14.12.2009 - 14.12.2009
The highlight of todays trip was supposed to be a trip to James Bond Island, so called because it exploded at the end of the James Bond “The Man with the Golden Gun” film, instead we (and the others on the bus) were fascinated by trying to figure out if our tour guide was a guy or a girl? Did they say their name was Bill or Bell? Mal or Mel? The other reason we booked this tour was we were getting a bit more sea kayaking, but as it turns out, all we got to do was sit in a canoe while another dude paddled us around pointing out features of a pretty interesting island, Khao Ping Gar, including King Kongs nose, a crocodiles jaw and very large formations looking much like a males honourable member. The other thing he kept doing was ask for money, first to support his family and later because of his asthma. No paddling for us.
Another long boat ride across to James Bond island where we are greeted by a little market with about 50 stalls, all seemingly selling the same crap. Round the corner is James Bond Island. It’s a bit like one of our own 12 Apostles, only a little bigger with some scrubby shrubs growing on it and not on the Great Ocean Road. Of course you can’t stand here without taking a few bad James Bond pose photos.
Phang Nga Bay, where James Bond Island is, has so many islands poking out of the water in every direction, another we visited (for lunch) was Panyee with its ‘floating’ village. This place is a real labyrinth of restaurants and stalls where you could get you picture taken with a monkey dressed up as a baby (no thanks). It’s a very pokey little place built on stilts above the water, we had to ask for help to find our way out of the restaurants into the market area. It’s good as a guy walking around these local crafty markets because you just don’t get hassled.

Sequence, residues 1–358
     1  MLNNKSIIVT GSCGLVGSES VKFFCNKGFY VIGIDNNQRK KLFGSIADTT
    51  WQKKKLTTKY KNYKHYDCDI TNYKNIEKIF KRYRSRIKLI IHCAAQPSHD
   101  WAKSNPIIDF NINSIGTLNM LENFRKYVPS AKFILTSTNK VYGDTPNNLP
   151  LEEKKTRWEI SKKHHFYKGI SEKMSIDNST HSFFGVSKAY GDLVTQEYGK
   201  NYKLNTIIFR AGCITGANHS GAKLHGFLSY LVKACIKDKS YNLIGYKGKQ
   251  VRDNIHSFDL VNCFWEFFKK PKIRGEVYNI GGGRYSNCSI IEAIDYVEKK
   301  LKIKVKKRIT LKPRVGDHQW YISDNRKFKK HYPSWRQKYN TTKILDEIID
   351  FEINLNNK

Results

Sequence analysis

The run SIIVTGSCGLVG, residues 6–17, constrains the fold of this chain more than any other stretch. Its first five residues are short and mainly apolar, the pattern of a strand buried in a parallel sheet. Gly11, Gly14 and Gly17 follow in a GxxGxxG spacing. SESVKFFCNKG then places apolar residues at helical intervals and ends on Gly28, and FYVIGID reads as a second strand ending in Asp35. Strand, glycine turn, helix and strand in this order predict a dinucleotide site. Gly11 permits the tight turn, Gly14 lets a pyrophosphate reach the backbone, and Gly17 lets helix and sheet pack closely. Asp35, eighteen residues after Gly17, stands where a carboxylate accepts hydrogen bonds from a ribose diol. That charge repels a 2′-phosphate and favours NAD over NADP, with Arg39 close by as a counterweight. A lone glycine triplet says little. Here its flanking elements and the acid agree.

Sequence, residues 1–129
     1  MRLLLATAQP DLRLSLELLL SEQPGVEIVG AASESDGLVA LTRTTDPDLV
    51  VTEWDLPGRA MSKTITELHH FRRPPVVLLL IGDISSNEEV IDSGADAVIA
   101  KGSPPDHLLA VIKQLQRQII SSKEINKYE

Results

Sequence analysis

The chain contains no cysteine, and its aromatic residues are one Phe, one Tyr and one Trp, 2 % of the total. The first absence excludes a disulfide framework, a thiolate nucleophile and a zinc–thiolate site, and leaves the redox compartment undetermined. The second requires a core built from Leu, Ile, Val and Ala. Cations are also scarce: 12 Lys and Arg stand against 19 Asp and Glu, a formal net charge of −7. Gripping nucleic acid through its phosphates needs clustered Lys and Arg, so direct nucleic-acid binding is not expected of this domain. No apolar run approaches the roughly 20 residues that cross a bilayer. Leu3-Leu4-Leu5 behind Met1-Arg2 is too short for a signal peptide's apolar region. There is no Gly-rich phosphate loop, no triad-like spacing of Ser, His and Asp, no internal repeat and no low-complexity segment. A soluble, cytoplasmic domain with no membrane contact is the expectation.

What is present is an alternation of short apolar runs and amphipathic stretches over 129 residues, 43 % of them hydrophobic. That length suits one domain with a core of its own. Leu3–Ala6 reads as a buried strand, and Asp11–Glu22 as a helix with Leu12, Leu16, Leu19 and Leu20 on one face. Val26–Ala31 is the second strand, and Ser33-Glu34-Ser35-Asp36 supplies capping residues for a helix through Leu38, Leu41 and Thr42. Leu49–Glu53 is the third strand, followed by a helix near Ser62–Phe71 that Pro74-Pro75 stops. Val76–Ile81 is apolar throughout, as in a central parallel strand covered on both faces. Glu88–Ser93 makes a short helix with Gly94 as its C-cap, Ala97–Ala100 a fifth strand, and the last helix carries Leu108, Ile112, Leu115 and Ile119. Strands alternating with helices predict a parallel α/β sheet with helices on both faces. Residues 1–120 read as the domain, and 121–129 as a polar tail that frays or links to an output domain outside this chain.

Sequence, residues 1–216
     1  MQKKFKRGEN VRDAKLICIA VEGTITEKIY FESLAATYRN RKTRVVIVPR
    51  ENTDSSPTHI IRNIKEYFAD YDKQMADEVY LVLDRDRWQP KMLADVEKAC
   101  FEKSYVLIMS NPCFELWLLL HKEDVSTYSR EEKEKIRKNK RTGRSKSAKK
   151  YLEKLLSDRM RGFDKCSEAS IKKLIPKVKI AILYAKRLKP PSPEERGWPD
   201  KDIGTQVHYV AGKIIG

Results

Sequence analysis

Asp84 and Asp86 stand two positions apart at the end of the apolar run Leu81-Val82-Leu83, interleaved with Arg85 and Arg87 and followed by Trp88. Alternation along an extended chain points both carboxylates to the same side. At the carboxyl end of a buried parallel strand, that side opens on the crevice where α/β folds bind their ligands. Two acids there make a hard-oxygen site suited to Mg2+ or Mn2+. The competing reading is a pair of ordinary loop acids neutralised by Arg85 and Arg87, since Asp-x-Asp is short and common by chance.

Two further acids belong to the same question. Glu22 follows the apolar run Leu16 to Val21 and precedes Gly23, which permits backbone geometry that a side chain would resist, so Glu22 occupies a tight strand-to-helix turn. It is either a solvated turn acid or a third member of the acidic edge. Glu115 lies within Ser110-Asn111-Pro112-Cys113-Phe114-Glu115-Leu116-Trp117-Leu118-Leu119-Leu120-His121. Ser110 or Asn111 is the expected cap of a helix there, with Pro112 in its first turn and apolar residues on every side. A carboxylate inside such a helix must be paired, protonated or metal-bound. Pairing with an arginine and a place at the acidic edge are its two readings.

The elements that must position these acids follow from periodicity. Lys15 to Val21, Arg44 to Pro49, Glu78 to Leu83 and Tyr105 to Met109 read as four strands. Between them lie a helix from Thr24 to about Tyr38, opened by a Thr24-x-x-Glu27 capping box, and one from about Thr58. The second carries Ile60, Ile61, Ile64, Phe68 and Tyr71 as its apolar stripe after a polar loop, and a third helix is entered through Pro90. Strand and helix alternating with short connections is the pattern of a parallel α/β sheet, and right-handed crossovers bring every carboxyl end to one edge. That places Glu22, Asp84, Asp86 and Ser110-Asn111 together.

On the way back to Ao Nang, there were two more places to stop. First, Suwankkuha Temple Cave, where we were told we could pay our respects to the large golden reclining Buddha and the monkeys. Well, there were a lot of monkeys, people posing with monkeys climbing on their heads (ooo yucky), and a large reclining Buddha, but there was also a pretty nice cave. It was big. Divided into the Light Cave (mostly open) and the Dark Cave (like the Bat cave, except without the secret entrance). The Dark Cave was quite deep and opened up into a great cavern with a very steep set of stairs chiselled into the back wall. The air inside was think and warm, it was sweaty work getting up to the top, but a nice view and worth the shaky knees on the way back down. Last stop was a little series of waterfalls and swimming holes to cool off. The water was clean and cold, the fish nibbled our legs and there was enough water coming over the waterfall to just about strip the bathers off anyone unsuspecting - hey Nee?